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Perhaps the easiest way to find out what Joe Stiglitz is thinking, as represented by his new book, "Freefall: America, Free Markets, and the Sinking of the World Economy" (W. W. Norton & Company, 2010), is to review his more popular writings for the last twenty years of so. He has really said very little new over this time period, and the more popular pieces capture the best sound bites without all the verbiage around them.

Stiglitz, and his fellow Nobel-prize winning polemicist Paul Krugman, are fundamentalist preachers giving forth the “true gospel” of Keynesianism, much as their tele-evangelist brothers (and sisters) do within their own sphere.

The “Keynesians” believe that they have won!

The fact that the financial markets collapsed and economic dislocation followed, to them, is sufficient evidence of this truth.

Mr. Stiglitz was one of the few who saw the potential financial crisis coming before the 2008 meltdown. In the course of the book, he lets the reader know that “he was right about the crisis.” Over-and-over again!

But what does he suggest. The same tired old proposals that we have heard from him, and Mr. Krugman, for years and years.

And, the major argument for why the Keynesian approach has not worked in the past?

Well, the stimulus packages were not large enough.

This is the same argument that has been around since the 1930s. The concern at that time? Why didn’t the “Keynesian” policies of President Franklin D. Roosevelt work?

The answer that has been given ever since then is that Roosevelt was too timid. The United States government did not engage in sufficient spending in the 1930s. Economic recovery did not take place until the 1940s because it was only then that the United States government spent enough on the war effort to bring the economy out of the depression.

And, how do we achieve the appropriate level of government activity at the present time?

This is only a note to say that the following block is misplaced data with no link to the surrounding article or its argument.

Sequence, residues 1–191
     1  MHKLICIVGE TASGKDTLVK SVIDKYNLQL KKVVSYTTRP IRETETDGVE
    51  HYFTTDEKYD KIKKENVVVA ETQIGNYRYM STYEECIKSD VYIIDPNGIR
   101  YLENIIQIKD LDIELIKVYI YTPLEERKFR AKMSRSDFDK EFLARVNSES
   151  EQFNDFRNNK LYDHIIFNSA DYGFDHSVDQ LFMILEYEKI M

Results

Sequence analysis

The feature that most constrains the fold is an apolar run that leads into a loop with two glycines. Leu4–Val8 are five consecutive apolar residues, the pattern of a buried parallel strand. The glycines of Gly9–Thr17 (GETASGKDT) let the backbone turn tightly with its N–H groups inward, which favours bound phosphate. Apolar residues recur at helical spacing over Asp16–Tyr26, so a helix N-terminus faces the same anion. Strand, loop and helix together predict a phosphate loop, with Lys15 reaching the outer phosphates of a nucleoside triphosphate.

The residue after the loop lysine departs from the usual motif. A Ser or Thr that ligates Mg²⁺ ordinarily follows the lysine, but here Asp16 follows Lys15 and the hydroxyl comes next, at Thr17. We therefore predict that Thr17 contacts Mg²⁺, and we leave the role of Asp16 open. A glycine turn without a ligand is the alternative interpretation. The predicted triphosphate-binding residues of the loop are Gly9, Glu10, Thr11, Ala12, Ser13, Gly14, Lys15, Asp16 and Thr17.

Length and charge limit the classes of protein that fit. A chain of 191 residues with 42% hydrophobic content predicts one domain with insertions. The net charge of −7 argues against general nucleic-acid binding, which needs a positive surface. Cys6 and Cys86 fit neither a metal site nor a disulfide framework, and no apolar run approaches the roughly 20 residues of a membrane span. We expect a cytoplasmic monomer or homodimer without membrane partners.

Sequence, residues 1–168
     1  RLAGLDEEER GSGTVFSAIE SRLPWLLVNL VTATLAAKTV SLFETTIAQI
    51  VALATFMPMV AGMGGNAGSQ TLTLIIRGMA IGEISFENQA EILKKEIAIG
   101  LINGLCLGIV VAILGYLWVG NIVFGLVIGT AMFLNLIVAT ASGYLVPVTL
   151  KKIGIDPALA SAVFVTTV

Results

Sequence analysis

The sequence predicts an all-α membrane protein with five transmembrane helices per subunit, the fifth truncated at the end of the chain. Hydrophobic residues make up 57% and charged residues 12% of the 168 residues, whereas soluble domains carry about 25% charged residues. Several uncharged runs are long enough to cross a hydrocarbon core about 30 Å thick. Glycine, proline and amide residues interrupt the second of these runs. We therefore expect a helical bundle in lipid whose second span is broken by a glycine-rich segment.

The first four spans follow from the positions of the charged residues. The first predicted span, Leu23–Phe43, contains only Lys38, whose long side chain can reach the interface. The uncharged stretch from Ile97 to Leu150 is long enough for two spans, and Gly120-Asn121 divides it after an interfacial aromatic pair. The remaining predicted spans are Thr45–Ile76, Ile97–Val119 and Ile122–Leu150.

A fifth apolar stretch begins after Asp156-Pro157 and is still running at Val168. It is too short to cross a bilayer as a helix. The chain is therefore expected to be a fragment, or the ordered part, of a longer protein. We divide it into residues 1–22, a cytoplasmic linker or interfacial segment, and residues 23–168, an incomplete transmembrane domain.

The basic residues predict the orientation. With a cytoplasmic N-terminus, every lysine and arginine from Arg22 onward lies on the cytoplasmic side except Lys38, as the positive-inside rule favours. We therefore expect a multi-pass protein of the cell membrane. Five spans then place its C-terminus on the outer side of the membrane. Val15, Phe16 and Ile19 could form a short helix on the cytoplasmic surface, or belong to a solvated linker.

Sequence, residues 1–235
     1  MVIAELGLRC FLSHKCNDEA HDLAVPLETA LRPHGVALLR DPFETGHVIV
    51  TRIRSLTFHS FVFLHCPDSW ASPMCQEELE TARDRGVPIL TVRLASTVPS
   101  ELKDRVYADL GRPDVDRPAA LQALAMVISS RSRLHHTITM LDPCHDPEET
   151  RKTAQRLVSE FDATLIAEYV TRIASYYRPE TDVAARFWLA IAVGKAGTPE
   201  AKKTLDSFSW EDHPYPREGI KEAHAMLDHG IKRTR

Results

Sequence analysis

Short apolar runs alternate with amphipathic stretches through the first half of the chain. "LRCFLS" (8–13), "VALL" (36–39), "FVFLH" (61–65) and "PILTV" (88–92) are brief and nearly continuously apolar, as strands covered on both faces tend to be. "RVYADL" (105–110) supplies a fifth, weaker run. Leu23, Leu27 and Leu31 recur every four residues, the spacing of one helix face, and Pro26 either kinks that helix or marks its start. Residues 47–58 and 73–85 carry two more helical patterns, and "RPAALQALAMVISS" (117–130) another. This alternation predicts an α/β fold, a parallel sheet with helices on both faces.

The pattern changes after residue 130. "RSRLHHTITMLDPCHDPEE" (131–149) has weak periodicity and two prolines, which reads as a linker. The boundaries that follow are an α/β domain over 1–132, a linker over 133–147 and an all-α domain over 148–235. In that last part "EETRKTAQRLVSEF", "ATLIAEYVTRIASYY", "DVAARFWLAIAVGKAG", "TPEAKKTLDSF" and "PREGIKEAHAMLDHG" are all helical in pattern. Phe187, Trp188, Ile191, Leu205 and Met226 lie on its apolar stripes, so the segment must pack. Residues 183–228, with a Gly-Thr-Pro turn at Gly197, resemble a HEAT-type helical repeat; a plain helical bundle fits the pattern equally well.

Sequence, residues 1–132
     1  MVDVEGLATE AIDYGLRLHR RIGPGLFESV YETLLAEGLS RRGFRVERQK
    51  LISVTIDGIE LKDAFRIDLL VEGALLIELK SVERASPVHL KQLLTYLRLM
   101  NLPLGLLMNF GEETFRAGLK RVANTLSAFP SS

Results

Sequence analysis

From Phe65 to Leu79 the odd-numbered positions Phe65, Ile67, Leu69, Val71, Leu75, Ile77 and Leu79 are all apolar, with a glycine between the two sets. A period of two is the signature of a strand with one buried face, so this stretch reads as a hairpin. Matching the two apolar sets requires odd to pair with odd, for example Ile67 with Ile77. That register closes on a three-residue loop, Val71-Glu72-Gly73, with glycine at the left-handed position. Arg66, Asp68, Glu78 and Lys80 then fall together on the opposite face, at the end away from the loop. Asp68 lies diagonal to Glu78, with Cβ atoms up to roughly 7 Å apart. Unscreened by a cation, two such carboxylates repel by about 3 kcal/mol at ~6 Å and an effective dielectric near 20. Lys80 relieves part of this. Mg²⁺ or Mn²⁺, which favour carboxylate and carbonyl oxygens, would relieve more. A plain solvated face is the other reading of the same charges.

We need a group of elite, public intellectuals, like Joe Stiglitz, to run the government in the way it needs to be run. We need economic stimulus of appropriate magnitude and we need to establish control over Wall Street and the leaders of Wall Street who are “morally bankrupt.” (See this.)

After all, this group of elite intellectuals is not only extremely smart and talented but they also only care for the welfare of the society. They are morally rich and possess no self-interest.

Keynes assumed that this type of people led the Treasury in Great Britain during his lifetime, a belief that was handed down to him by his parents and which he kept throughout his participation in the Treasury or on government committees from the 1910s through till his death in 1946. (See the work of Peter F. Clarke, especially his latest effort, “Keynes: The Rise, Fall, and Return of the 20th Century’s Most Influential Economist”.)

But didn’t government officials create the huge deficits and excessively low interest rates leading up and through the asset bubble of the 2000s which subsequently resulted in the financial crisis? Oh, that was another set of elite, public intellectuals who were smart and talented.

If you want to know where the dogmatic progressives stand, Mr. Stiglitz’s new book, “Freefall: America, Free Markets, and the Sinking of the World Economy” is the book for you.

Source: American Economic History in Perspective: 'Freefall: America, Free Markets, and the Sinking of the World Economy,' by Joseph E. Stiglitz